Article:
Surely the global challenges we face cannot be met without effective U.S. leadership. But while U.S. leadership is essential, it is very rarely enough. We need meaningful cooperation from a broad range of peoples and partners. And we’ve learned that other countries are more likely to shoulder their fair share of the global burden when the United States leads by example, corrects course as necessary, forges strong partnerships, and treats others with respect.

And that brings me to the role of the United Nations. The UN is the only institution where 192 nations come together, the way you all have today, to advance global security and solve collective problems.

In the real world, the UN is more than just a debating society. As you know, it also has a massive operational side: peacekeeping missions, humanitarian operations, UN agencies like WFP and the IAEA that confront key global challenges from feeding the hungry to limiting the menace of weapons of mass destruction.

At its best, the UN bolsters security, helps to rebuild shattered societies, lays the foundations of democracy and development, and establishes conditions in which people can live in greater dignity and mutual respect. 

Important as the United Nations is as a vehicle to promote global security, foster broad-based development, and advance collective interests, the UN is far from perfect. A serious gap still separates the vision of the UN’s founders from the institution of today. The Security Council still stumbles when interests and values diverge, as they do over such issues as Darfur, Zimbabwe, Burma and Sri Lanka.  In the General Assembly, member states too often let political theater distract from real deliberation and decision. UN member states must still replace anti-Israel vitriol with recognition of Israel’s legitimacy and right to exist in peace and security.  And the UN must still confront waste and abuse even as it struggles to take on daunting new responsibilities in such key areas as peacekeeping, humanitarian assistance, and development.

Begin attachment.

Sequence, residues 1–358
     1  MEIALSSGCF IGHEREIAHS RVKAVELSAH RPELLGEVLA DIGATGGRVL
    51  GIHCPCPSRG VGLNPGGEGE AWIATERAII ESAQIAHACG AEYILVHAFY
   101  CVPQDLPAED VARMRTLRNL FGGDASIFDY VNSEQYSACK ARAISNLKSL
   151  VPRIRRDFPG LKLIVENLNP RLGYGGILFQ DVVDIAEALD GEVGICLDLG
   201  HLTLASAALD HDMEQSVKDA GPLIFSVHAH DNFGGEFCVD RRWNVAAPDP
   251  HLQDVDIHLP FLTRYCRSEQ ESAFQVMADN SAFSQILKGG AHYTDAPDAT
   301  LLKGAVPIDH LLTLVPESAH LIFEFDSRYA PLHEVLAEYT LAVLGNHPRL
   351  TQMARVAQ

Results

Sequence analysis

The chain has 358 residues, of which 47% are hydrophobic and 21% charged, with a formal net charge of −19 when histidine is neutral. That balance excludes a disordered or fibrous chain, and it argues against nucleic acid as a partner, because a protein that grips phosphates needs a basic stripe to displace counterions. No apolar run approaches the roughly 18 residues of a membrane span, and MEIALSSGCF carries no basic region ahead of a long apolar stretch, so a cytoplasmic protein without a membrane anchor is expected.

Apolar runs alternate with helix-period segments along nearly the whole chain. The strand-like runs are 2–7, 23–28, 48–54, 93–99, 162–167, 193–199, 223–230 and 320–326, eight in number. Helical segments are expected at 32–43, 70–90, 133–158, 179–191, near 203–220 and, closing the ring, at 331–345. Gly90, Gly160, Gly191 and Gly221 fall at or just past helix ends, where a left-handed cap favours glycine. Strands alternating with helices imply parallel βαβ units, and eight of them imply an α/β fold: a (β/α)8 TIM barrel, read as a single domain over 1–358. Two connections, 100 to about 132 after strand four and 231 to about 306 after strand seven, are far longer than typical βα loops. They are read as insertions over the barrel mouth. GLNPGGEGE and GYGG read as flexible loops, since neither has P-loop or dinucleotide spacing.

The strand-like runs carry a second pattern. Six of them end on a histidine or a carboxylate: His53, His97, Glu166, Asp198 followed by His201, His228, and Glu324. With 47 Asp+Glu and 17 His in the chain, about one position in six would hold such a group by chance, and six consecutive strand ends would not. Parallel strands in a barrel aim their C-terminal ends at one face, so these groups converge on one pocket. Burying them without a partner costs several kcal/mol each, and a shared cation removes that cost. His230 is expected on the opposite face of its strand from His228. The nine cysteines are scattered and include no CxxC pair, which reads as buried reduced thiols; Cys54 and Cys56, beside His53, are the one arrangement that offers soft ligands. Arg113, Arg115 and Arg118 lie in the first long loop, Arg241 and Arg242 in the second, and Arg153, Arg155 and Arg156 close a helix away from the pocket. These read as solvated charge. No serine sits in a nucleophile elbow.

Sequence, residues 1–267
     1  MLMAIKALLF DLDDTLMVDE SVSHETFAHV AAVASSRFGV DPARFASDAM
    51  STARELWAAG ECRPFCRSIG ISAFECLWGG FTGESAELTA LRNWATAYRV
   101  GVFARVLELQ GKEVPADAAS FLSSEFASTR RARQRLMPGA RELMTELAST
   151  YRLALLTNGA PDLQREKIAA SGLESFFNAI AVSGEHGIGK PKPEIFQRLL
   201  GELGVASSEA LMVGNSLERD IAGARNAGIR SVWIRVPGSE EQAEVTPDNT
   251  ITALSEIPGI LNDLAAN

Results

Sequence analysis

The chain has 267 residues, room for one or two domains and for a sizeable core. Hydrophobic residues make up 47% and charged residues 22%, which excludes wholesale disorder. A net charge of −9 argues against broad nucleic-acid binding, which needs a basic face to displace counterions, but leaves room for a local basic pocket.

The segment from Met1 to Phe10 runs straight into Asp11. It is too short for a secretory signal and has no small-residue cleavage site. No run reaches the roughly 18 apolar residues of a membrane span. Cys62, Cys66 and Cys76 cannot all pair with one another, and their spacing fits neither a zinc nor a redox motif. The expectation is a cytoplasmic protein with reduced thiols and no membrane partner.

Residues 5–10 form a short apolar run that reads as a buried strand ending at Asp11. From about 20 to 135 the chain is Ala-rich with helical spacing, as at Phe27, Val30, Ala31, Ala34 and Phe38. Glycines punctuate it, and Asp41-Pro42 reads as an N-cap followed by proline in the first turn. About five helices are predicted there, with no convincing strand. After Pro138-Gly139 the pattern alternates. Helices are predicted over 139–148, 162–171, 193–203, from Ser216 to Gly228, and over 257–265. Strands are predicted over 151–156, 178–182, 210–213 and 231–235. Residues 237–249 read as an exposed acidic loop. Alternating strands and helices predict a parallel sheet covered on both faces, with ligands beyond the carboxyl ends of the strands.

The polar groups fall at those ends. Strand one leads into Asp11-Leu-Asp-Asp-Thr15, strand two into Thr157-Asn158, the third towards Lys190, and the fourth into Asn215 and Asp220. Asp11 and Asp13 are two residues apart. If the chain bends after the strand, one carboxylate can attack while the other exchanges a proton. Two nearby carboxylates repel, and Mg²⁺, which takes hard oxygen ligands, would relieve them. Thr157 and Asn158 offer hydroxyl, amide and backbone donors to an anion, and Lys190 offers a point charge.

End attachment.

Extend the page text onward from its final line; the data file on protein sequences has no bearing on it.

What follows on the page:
As President Obama has often said, the UN is imperfect; but it is also indispensible.

That’s because there is no better alternative to sharing the costs and burdens of such things as UN peace operations and humanitarian missions around the world. That’s because there can be no substitute for the legitimacy the UN can impart. And there is no replacement for the space it can provide to build coalitions, to take on threats and seize opportunities that we face together.

Day in and day out, my colleagues and I at the U.S. Mission to the United Nations are working to build a new basis for exactly that kind of common action to take on common challenges. Every day, we are, in effect, on the front lines of what President Obama calls “a new era of engagement with the rest of the world.”  

Now, I don’t know how those of you here today representing other countries during this model UN plan to handle your jobs, but let me just say a few words about how I try to handle mine at the U.S. Mission. And I don’t know which of you might be representing the U.S. and playing my role, but let me just say one word of advice – make me look good, please.  

As you know, America has quite dramatically changed our approach at the United Nations. We’re now guided by several clear principles.  First, we value the United Nations as a vehicle for advancing core U.S. national security goals as well as universal rights.  We work for change from within rather than criticizing from the sidelines.

We stand strong in defense of America’s interests and values, but we don’t dissent just to be contrary or to stall debating points. We try to listen to states large and small. We build coalitions. We meet our responsibilities. We pay our bills.  We push for real reform.  And we remember that in our interconnected world, what’s good for others is often what is good for the United States.

That is a very different approach, and it’s already paying important dividends.